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Texas Chainsaw 3D
Calling itself, insultingly I think, the “true sequel” to the first movie, Texas Chainsaw 3D wasn’t quite the movie I expected it to be but that ends up being both good and bad.
The movie starts by bringing back some of the classic Texas Chainsaw cast to do cameos in 1974 and have a shootout that burns down the house but leaves two survivors: Leatherface, and a baby girl stolen by one of the town “heroes.” This is supposed to somehow legitimize what the director and the screenwriters will do in the rest of the movie, but it’s also so they can rewrite the plotline of the first movie to shoehorn their version into the canon (and cut the films that followed out at the same time.)
Fast forward to 2012, ignoring the fact that if the house burned in 1974, twenty years should be 1994, and the stolen baby should be in her thirty’s, not her twenties. This is the first in a long line of missteps and was a big clue as to how the rest of the movie would go.
Regardless of the time skipping, Alexandra Daddario turns in a fine performance as Heather, the stolen Sawyer baby. She works in a supermarket meat department and makes bone artwork in her apartment, where she lives with her boyfriend Ryan, who’s most intelligent line is that he loves the “crazy birthmark” on the upper curve of her breast. This is supposed to be a clue for all those too dumb to figure it out that she’s the lost Sawyer baby, but since this is a concept that’s been used to death, along with the burn mark that (gasp) matches the charm all the Sawyer women wear, it just ends up being annoying. Why this ghost story trope makes an appearance here, I’m not quite sure, but it’s quickly followed by another: a letter telling Heather she’s inherited a house in Texas from her recently deceased gramma, who she knew nothing about. She drops her plans for Halloween in New Orleans and takes her friends on a roadtrip to Texas, where the audience knows all sorts of bad shit will happen.
The first part of the film plays out like the other Texas Chainsaw movies and a lot like slasher films in general. People vanish, the rest of the cast comments on the disappearance and just keep going as if nothing important actually happened.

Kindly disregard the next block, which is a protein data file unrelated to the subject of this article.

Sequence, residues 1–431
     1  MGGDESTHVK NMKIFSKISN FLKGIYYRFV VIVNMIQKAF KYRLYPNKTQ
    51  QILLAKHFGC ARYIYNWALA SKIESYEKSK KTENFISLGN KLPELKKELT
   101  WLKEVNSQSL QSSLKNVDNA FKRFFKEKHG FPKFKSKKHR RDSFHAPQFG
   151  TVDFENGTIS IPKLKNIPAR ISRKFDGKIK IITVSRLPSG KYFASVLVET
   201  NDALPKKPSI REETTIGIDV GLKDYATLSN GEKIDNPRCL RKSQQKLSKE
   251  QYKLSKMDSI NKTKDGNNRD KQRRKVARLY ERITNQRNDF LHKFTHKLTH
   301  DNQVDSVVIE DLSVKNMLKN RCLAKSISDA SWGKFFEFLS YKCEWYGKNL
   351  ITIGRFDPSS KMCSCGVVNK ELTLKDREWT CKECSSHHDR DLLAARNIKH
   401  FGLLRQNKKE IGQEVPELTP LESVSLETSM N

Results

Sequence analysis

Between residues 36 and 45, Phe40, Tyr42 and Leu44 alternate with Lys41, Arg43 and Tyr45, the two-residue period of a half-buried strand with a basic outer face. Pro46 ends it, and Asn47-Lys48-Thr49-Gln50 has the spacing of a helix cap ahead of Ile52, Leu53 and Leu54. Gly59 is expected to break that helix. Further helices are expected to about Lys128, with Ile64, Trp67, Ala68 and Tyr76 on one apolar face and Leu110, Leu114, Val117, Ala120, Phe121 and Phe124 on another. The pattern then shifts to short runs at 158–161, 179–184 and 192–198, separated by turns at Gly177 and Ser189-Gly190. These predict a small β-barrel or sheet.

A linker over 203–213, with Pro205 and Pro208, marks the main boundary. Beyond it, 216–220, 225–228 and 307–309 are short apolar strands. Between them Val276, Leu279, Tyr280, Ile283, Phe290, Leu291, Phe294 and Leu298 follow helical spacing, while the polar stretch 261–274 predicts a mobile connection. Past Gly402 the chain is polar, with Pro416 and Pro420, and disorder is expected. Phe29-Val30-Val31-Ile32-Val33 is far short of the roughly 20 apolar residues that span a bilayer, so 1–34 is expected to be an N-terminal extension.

Texas Chainsaw 3D had an interesting chance to make a good movie if they’d only not been so insistent on using Leatherface as the real villain. The town of Newt well remembers the Sawyers and the incident in 1974, and some of the townsfolk aren’t so happy to see a Sawyer returning to their town. I wondered why Vera didn’t die in the fire with the rest of her family, you know, like the movie said everyone did . . . I also wondered how she built this palatial mansion where her ramshackle house used to be. Did the townsfolk feel bad and give her money to build a mansion as reparations? The movie ignores such details and expects that you will as well.
There are a lot of other sins to be paid for in Texas Chainsaw 3D. Leatherface doesn’t bother to vary his killing techniques at all; it’s the same old hammer to the head and meat hook hanging, or chainsaw across the belly that we’ve seen before. One new or interesting kill isn’t really so much to ask for.
This movie has nothing original or interesting to say about Leatherface. They try to make him sympathetic, which is quite hard to pull off, because a hulking slasher and suspected cannibal isn’t someone most people feel sorry for. It really makes you wonder if the people who made this movie actually watched the first one at all.
And the one interesting plot point that they do have, they bungle completely. Leatherface and Heather are kin, so he won’t kill her, he’ll actually protect her from the townspeople who are trying to kill her for being a Sawyer. Of course, Leatherface chops up Heather’s friends at the beginning of the film and tries to kill her as well, so the family connection shouldn’t really mean anything at all to her. But for some damned reason it does.
The ending scenes throw what little sense this movie had right into the slaughterhouse grinder. Even assuming that Heather doesn’t hate Leatherface for killing her friends (they were kind of annoying after all) there’s no way in Hell that she should just move into the house with him and keep the whole Sawyer family going.
Ultimately, this movie may end up the most hated in the franchise, finally knocking “A New Beginning” from the perch it held for so long. Maybe movie people should do what those young people wish they’d done with Leatherface and just leave him alone in his house with his saw and his family.